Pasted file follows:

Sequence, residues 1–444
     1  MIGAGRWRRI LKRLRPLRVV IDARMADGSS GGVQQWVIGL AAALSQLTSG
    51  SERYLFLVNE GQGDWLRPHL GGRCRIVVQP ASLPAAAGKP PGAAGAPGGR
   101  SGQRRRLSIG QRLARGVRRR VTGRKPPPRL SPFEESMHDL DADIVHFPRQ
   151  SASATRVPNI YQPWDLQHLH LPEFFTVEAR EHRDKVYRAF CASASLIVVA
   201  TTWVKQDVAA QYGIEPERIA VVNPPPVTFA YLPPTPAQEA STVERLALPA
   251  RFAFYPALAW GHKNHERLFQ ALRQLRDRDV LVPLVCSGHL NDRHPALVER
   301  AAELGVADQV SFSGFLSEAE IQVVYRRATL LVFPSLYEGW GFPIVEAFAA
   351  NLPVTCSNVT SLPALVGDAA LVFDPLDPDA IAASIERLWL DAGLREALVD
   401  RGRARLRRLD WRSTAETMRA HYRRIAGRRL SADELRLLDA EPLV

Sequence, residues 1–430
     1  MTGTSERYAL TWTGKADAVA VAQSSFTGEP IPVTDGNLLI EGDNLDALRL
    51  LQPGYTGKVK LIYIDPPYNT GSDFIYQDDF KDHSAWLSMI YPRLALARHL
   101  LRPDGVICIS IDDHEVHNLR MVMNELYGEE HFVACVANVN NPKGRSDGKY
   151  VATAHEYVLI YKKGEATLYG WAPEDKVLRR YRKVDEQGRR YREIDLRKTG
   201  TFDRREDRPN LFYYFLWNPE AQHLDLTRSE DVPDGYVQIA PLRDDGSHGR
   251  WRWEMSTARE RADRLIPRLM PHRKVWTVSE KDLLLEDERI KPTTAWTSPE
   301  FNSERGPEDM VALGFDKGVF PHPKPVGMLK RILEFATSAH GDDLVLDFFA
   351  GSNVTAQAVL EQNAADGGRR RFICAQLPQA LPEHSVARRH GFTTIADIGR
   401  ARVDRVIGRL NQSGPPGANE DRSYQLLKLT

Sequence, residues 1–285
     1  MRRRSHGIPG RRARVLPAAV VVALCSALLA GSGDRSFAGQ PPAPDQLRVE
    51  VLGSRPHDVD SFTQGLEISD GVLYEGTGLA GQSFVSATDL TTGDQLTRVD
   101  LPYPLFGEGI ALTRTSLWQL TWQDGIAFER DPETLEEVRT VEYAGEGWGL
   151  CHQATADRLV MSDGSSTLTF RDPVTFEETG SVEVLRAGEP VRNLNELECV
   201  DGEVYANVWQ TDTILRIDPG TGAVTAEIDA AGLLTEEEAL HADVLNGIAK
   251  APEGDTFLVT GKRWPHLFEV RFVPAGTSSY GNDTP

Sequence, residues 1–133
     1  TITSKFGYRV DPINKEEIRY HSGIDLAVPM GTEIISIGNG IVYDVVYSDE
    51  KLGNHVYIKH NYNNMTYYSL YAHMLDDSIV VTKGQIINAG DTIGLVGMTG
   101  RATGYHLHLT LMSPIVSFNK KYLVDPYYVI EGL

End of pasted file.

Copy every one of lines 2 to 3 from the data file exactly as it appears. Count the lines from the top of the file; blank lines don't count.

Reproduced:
     1  MIGAGRWRRI LKRLRPLRVV IDARMADGSS GGVQQWVIGL AAALSQLTSG
    51  SERYLFLVNE GQGDWLRPHL GGRCRIVVQP ASLPAAAGKP PGAAGAPGGR